Time to act as stewards


Last week’s Town Council meeting provided another example of how out of touch many in that group are with the public and with the obligations of representative government.

Last week, the council voted to ban commercial marijuana establishments and sales in town. Why the question, “How can we prevent the verified will of the people from becoming a reality?” when it should be, “How can we implement the verified will of the people?”

That a councilor would vote for a ban now, before the state has finalized regulations — especially on the grounds that such a failure would mean the council has approved sales without the immediate ban — is confused.

That a councilor would highlight concern over what tourists from Texas and Oklahoma would think, fearing “conservative” folk will cease to travel to a Pagosa that allows sales, fails in light of the fact such folks (hardly all our visitors from these places) would, by this argument, refuse to travel anywhere in Colorado, which has a constitutional amendment legalizing marijuana.

To note the town charter compels the council to conform to federal law is to ignore the fact the people of Colorado and this county saw fit to do otherwise and that the federal government is, at present, adopting a hands-off approach. If the feds commit to a hard stance on the issue in the future, back away. Until then, move ahead.

Elected officials have two roles available, depending on the situation: the first is to act as leaders, the second as stewards. We believe several councilors have lost sight of the role that best fits this situation. A comparison of issues is revealing. With the Reservoir Hill issue, prior to Tuesday, there was no carved-in-stone indicator of what Pagosans wanted. There was comment and debate but, until numbers were available, no one knew for sure where the people stood. The situation called for leadership, action on the part of elected officials based on “morals,” assumptions, personal preferences. The council did this with the Hill, in a flawed way, with less than accurate ideas about public opinion. The people rejected the move but, make no mistake, the councilors acted as leaders.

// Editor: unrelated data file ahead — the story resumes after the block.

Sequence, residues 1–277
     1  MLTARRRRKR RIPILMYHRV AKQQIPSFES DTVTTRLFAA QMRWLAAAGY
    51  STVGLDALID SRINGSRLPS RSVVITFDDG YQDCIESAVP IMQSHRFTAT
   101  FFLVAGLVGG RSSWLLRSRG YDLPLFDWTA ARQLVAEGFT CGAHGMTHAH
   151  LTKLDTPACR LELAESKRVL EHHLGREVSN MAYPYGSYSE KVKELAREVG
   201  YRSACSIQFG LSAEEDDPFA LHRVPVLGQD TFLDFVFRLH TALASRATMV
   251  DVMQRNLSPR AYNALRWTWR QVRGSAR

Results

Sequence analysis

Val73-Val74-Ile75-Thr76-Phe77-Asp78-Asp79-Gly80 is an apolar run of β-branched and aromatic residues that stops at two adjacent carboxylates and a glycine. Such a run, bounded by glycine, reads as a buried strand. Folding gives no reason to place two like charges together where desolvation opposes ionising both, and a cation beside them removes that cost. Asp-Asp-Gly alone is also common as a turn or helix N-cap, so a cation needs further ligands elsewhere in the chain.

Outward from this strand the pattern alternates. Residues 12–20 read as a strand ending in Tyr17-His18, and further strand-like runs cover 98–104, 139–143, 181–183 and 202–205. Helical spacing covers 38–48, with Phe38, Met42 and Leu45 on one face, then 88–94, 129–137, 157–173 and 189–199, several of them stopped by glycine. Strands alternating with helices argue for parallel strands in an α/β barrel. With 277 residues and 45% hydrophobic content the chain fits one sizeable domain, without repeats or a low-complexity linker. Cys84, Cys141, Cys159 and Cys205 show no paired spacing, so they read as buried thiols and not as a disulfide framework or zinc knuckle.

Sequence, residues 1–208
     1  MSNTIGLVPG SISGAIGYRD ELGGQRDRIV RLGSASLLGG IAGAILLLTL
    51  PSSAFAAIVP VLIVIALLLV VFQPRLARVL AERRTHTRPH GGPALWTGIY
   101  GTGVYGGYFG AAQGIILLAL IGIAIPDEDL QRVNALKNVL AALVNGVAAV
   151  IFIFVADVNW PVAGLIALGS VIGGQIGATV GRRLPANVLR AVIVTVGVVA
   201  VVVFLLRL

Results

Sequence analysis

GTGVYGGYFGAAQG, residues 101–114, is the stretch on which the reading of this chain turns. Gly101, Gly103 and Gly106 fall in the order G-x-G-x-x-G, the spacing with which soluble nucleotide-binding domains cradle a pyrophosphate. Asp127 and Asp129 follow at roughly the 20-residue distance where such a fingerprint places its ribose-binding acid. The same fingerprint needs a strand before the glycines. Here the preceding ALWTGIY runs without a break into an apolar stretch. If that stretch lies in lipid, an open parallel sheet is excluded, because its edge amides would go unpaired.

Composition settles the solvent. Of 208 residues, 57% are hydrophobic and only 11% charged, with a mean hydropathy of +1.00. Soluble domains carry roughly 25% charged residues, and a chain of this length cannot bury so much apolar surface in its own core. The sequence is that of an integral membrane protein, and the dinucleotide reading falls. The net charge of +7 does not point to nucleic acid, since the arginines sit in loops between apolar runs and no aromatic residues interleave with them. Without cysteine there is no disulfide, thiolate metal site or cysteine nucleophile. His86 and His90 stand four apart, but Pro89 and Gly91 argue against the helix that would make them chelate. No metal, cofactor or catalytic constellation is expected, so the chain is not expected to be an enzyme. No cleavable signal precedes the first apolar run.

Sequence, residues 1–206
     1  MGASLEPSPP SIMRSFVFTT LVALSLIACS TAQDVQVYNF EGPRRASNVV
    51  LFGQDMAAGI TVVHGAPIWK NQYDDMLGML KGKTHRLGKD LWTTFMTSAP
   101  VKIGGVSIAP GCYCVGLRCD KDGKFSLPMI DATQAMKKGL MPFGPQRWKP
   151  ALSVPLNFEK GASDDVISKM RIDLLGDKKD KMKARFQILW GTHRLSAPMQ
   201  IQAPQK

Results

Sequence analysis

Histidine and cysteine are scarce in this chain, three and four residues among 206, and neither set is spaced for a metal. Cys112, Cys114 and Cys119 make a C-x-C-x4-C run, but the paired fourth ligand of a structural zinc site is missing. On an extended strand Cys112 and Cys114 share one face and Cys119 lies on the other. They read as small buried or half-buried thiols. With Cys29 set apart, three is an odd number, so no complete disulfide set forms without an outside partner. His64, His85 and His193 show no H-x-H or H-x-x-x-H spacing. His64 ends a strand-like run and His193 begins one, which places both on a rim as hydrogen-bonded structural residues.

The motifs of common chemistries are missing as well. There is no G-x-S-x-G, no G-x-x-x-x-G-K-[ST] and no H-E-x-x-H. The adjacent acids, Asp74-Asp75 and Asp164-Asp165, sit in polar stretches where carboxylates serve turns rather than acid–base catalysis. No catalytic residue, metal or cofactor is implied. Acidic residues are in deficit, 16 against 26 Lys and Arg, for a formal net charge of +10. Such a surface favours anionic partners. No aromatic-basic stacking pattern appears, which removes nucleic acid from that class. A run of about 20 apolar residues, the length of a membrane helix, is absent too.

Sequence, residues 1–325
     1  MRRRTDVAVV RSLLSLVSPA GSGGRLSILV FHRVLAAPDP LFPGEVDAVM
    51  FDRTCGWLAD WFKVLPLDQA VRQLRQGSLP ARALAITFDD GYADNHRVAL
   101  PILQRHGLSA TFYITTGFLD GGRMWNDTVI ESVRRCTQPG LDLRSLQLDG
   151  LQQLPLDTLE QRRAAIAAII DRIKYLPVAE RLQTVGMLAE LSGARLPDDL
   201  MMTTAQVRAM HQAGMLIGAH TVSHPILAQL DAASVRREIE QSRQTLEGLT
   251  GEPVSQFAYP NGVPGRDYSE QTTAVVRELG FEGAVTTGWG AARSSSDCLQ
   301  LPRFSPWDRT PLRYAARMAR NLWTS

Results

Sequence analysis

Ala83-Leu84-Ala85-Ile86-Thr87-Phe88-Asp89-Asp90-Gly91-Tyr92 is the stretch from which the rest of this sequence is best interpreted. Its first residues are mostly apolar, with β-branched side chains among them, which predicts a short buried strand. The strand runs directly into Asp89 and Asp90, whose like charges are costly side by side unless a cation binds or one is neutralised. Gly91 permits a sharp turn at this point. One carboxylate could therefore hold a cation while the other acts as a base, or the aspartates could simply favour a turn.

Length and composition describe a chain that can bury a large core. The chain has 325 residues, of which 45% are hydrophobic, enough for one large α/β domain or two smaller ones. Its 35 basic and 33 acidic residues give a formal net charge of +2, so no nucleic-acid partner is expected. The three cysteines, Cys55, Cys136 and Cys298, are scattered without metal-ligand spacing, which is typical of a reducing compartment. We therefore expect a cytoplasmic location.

Concerning commercial sale of marijuana (the limits as yet undefined), with legal growth, possession, trade and use by adults defined in an amendment to the Constitution of the State of Colorado, with a majority of voters in Archuleta County favoring the amendment, there is an accurate picture of the will of the people available.

In this case, the duty of elected officials is to accommodate that will, to act as stewards.

The council’s ban is a blatant repudiation of the vote. What is appropriate is for elected officials to find a solution that satisfies the greatest number of citizens, on both sides of the issue. The vote is in; allow for limited commercial activity, in locations that are not blatantly obvious, with minimal signage. Let the market determine who survives.

Last week, two reasonable councilors suggested that, since state regulations to govern commercial sale are not complete, there is plenty of time for the council to wait, to learn. They were right. And they will be right if they suggest the town ultimately act in accord with the amendment.

The board of county commissioners faces a similar situation as it considers how to deal with the mandate of the amendment vote, with at least one commissioner already noting his unwillingness to implement the will of the people. The commissioners should act as stewards. We wait to see if the board’s response is more laudable than the council’s.

Karl Isberg